Asylum seekers lodged just 47 complaints with the Reception and Integration Agency about the Direct Provision system last year.
The figure, provided by the Department of Justice, comes amid confirmation that the DP system now has exceeded its capacity and has had to access emergency bed spaces.
Nick Henderson, the CEO of the Irish Refugee Council, said there were "several issues" with the relatively low number of complaints, including the likelihood that some asylum seekers would be wary of making a complaint about the centre in which they live amid an expectation that little, if anything, would change.
He said some asylum seekers may not be aware of the complaints mechanism and would also be wary of lodging a complaint with RIA, while they may also feel the scope of any possible complaint would be quite limited.
He said a complaint regarding transfer between different centres may not be entertained at all.
"Also people may be wary of complaining to the body which is providing accommodation," he said. "They need to probably see examples of the complaints mechanism working before they themselves pursue it."
Figures provided to RTE showed there are currently 6,355 people in Direct Provision, above the contracted capacity on January 20 of 6,156.
RIA has had to access emergency bed spaces in hotels since last September due to insufficient capacity in the system, while two properties earmarked to house asylum seekers have been targeted in arson attacks in recent months.
The Irish Refugee Council (IRC) said any works that could be carried out within Direct Provision centres have also been stalled or rolled back because essentially all rooms in the system were now in use.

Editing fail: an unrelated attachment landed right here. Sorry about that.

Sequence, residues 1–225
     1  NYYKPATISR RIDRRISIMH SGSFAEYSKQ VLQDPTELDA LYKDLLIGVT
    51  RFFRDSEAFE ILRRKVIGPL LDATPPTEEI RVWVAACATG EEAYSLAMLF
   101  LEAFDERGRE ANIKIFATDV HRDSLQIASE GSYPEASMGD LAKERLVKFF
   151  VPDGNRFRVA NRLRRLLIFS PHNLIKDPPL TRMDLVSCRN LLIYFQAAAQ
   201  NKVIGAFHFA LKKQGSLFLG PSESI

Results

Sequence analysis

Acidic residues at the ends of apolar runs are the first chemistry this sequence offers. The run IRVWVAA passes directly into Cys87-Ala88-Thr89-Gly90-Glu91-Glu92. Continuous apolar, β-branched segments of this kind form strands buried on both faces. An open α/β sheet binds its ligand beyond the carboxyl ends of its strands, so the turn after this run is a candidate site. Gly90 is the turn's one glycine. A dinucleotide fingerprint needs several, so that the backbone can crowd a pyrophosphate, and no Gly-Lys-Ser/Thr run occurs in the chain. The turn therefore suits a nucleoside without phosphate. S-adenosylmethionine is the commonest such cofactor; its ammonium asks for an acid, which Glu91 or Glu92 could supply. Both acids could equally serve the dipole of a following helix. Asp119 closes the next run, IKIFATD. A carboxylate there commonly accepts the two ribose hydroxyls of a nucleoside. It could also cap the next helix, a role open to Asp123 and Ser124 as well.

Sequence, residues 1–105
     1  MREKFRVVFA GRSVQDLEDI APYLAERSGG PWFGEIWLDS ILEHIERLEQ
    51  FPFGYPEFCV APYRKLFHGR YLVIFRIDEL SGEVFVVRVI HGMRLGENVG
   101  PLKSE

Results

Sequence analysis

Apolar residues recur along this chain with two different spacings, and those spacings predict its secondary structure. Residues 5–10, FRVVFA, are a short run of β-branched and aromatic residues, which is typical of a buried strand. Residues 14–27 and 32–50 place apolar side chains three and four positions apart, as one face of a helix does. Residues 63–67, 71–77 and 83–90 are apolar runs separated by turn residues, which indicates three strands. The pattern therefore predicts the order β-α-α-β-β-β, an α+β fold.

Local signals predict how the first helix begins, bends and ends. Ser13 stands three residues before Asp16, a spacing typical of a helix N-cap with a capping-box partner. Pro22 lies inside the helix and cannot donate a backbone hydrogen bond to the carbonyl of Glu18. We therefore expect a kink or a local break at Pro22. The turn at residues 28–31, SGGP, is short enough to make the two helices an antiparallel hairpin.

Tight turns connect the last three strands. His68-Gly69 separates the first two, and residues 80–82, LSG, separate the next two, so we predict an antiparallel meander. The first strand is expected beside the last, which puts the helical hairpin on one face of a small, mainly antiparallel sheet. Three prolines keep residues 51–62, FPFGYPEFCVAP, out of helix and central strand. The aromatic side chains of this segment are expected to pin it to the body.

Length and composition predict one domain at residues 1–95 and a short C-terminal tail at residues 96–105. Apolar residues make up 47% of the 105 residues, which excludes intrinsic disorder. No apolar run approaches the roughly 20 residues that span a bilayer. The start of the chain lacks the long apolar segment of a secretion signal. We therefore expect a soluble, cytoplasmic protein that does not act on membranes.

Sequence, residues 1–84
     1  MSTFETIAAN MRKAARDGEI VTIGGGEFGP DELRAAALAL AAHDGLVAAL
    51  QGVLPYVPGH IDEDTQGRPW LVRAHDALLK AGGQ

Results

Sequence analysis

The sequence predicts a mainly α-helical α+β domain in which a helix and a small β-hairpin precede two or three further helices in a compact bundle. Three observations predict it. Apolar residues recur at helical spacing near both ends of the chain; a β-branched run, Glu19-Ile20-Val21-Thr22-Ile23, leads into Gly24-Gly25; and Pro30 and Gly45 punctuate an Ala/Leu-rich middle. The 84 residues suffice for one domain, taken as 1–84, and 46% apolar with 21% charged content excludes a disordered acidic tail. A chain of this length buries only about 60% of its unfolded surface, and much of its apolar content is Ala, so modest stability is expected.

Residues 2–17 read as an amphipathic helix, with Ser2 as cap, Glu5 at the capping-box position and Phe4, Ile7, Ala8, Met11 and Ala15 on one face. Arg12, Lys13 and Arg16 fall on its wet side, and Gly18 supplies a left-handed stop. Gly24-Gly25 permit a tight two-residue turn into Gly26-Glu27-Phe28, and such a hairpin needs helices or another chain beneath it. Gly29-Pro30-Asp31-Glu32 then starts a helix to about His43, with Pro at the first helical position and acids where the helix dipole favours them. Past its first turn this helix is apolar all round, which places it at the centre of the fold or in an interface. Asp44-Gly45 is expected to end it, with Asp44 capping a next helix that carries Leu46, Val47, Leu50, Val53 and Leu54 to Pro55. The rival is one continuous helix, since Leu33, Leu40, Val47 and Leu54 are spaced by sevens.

Mr Henderson said the capacity issue was not a surprise because of delays in making decisions about status, an increase in the number of people seeking asylum and particularly because of the effect of the overall housing crisis.
The Irish Refugee Council said there were 700 people currently in the DP system who had already secured their status to stay in Ireland, but who could not move on because of a lack of available accommodation and an associated lack of means to secure that accommodation.
Mr Henderson argued that the Government would have to secure more accommodation space to get past the crisis and that another potential difficulty faced by some people who have been granted asylum here was "racism or discrimination, direct or indirect" when they seek access to private rented accommodation.
The IRC has said the full welfare allowance should be granted on refugee status, as well as an extension of the Housing Assistance Payment scheme.